Three House Democrats say they won’t support any of President Joe Biden’s tax hikes to fund his infrastructure proposal unless the plan includes a repeal of the $10,000 cap on state and local tax deductions, making them just one vote shy of the number needed to block the president’s tax plan in the narrowly divided House.
“We say ‘No SALT, no deal.’ The GOP passed an unfair cap of $10,000 on state and local tax (SALT) deductions to pay for their 2017 tax giveaway,” Representatives Bill Pascrell and Josh Gottheimer of New Jersey and Tom Suozzi of New York said in a statement Tuesday. “Therefore, we will not accept any changes to the tax code that does not restore the SALT deduction and puts fairness back into the system.”
With 219 Democrats to 211 Republicans in the House, it only takes four Democrats defecting from their party and GOP members to stay united to stall legislation. Republicans have already signaled that they will not vote for the tax increases on corporations and individuals that Biden is expected to include in the infrastructure bill he is set to unveil Wednesday.
But Pascrell, Gottheimer and Suozzi will be under heavy pressure from the White House and House Speaker Nancy Pelosi to get behind a major Biden initiative that Democrats are counting on to help them defy historical trends and hold on to control of the House and Senate in the 2022 midterm election.
The three lawmakers say that the $10,000 limit on SALT tax write-offs, which was passed in former President Donald Trump’s 2017 tax law, has hurt residents of their districts, with high costs of living and high state and local levies, by removing a substantial deduction on their federal taxes.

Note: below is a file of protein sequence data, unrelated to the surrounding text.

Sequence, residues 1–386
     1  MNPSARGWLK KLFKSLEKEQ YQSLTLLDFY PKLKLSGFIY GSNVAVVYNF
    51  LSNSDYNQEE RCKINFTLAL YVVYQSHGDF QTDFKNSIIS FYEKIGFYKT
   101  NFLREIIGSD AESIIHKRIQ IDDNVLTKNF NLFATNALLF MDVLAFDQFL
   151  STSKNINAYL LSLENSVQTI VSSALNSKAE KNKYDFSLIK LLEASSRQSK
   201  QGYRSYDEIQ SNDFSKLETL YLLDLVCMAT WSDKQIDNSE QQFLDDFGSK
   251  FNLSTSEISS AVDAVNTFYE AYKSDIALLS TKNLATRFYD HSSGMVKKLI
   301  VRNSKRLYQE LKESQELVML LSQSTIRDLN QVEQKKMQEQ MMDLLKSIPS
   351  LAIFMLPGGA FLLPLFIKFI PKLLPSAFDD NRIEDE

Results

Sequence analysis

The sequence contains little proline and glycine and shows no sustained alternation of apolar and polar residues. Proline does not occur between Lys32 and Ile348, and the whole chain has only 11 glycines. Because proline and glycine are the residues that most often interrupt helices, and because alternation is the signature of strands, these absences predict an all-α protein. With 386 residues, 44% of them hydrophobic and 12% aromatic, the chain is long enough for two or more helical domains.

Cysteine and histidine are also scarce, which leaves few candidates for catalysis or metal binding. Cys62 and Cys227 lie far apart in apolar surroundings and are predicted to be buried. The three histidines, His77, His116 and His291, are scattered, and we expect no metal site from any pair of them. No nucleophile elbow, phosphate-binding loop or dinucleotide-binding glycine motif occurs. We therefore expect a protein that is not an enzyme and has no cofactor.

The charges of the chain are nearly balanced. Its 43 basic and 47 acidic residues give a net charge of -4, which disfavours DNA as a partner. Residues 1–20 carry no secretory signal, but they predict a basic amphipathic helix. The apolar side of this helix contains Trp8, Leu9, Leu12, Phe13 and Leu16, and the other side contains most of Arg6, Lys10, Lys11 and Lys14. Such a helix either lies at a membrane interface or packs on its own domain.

Removing the cap, which would cost the federal government tax revenue, could become a key area of contention as Democrats seek to raise levies on corporations and the wealthy to pay for a bevy of infrastructure, health care and social programs.
In addition to costing $88.7 billion a year — revenue that some Democrats would like to direct elsewhere — doing away with the SALT cap is a politically difficult issue for some members of Congress, because more than half the benefits flow to households earning more than $1 million a year, according to the Joint Committee on Taxation.
However, the issue has support from key members of Congress and the Biden administration.
Senate Majority Leader Chuck Schumer, a New York Democrat, also supports the effort.
Treasury Secretary Janet Yellen told a congressional panel earlier this month that the SALT deduction limit causes “disparate treatment” among taxpayers and said she would work with lawmakers to resolve the issue.